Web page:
Type 2 diabetes accounts for at least 90 percent of all cases. Two Recovery funded research projects – by University of Michigan and University of Virginia, respectively – are exploring the genetics of diabetes:
- A study building on recent discoveries of common genetic variants that contribute to type 2 diabetes
- A study to identify genetic contributors to diabetes and cardiovascular risk factors in African Americans, who are at elevated risk for type 2 diabetes and heart disease
The California Department of Transportation recently announced completion of a new six-mile stretch of expressway for the southeast area of Fresno.
The $68 million project, paid for in part with $18 million of Recovery funds, added a four-lane section of highway to Kings Canyon Expressway, also known as State Route 180 East – a heavily congested traffic artery connecting different parts of Fresno County.
“The route serves as the primary agricultural goods movement corridor in eastern Fresno County and is of growing importance for commute travel from the surrounding rural areas and neighboring communities to the Fresno metropolitan area,” says California DOT.
The new expressway “will significantly reduce traffic congestion,” the agency adds.
A shortage of thermoplastic striping led to the choice to use “Bots Dots” as an alternative to striping on this ARRA-funded project on North Main Street in Morro Bay.
The Lincoln Memorial Reflecting Pool – a popular site for tourists in the nation’s capital – is undergoing a $31 million renovation thanks to a Recovery award from the Department of the Interior. Prime contractor Corman Construction of Annapolis, MD, has removed leaking concrete slabs on the bottom of the pool and is installing a new water circulation system and new storm drains. Nearly 108,000 square feet of surrounding walkways will also be improved. Work is expected to continue into 2012.
You can see quarterly activities reported by the recipient and more information about this project by visiting the Award Summary.
Award Amount: $1,672,080
The recipient reported that these Recovery funds would be used to:
- Update facilities to offer high speed internet to 13 remote communities in Eastern Colorado.
The majority of this proposed funded service area is farm and ranch land. Within the area there are 1,096 households, 272 businesses, and 42 critical community facilities including 5 schools, 1 medical facility, 10 public safety entities, 4 community support organizations, and 22 government facilities. The project will cover 1,974 square miles (an area larger than the state of Delaware) with 1,000 miles of fiber optic cable.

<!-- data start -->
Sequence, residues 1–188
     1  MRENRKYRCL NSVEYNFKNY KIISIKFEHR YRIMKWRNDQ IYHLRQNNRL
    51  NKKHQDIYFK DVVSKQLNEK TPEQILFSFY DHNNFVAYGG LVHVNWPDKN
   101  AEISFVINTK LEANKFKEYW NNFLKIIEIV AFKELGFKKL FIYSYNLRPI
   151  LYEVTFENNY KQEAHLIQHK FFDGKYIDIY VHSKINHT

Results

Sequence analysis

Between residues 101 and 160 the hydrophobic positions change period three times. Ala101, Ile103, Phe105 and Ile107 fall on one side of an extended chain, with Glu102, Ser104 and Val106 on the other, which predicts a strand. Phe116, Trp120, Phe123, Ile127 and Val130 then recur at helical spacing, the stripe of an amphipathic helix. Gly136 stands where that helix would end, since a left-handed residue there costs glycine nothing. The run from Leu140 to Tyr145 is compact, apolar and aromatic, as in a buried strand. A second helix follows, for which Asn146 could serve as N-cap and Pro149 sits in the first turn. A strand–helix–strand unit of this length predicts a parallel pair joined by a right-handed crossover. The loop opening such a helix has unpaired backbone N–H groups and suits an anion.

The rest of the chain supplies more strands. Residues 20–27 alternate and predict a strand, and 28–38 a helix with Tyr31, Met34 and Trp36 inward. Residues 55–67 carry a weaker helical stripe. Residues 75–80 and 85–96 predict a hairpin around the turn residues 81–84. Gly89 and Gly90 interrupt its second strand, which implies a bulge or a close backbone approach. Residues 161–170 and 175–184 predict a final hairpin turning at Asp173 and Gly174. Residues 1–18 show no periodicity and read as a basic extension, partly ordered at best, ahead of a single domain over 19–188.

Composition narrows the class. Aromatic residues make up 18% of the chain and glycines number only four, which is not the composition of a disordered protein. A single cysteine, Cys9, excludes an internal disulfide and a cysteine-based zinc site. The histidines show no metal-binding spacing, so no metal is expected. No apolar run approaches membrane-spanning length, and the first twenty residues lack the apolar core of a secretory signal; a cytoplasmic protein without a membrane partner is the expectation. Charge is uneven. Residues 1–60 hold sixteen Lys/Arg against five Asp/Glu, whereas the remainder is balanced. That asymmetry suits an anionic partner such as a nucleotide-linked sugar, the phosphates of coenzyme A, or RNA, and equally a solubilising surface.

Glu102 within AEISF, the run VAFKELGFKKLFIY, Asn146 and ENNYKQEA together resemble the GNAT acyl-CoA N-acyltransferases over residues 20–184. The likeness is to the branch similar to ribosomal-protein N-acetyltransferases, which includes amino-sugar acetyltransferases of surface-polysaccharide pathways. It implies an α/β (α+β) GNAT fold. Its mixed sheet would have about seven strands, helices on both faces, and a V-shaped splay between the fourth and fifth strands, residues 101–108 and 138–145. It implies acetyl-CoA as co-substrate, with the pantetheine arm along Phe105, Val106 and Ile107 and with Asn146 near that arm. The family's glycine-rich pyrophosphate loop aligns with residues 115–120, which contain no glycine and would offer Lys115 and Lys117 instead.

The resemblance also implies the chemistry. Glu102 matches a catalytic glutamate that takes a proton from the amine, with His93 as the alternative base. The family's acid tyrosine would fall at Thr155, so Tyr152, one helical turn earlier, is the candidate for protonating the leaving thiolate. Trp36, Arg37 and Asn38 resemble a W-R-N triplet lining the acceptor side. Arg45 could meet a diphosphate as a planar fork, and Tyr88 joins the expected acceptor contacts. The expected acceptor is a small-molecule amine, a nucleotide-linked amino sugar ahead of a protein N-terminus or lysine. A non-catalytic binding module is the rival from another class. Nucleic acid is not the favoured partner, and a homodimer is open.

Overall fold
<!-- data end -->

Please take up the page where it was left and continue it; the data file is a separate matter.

The recipient reported that as of 9/30/2011:
- Engineering and tabulations on the Eastern half of the project were almost finalized
- The contract for the IP routing equipment was approved, ordered, delivered and is in the process of being installed
- Negotiations with the chosen equipment vendor have been completed
- Boring of the state highways on the Western half of the project has started
- Fiber is scheduled to be shipped the third week in November
- Construction is set to begin the first week in December
Project Status: Less than 50% complete
To see how funds were distributed between the project’s prime and sub recipients and to learn more about the project check out the Project Summary or enter your zip code to find Recovery projects near you.
You’ve notified the Recovery Board that you suspect fraud, waste and abuse involving a Recovery project. What happens to your complaint?
The Board’s fraud analysts review every complaint received. First, they try to determine if, in fact, Recovery funds are involved and, if so, which federal agency issued the award.
The analysts then focus on the company or companies involved, looking for information that may not have been apparent or available to government officials when the award was issued. Analysts also check whether any company has a criminal history or has ever been debarred from working with the government.
When all possible information has been gathered and analysts have determined the allegation is substantive, a report is sent to the Inspector General of the agency that issued the award; the Board will follow up with the IG until the complaint has been reviewed and/or the matter closed.
You may or may not be contacted by the Inspector General’s office. That might be due to the sheer volume of complaints received or because you provided all information needed. In either case, your complaint is treated seriously.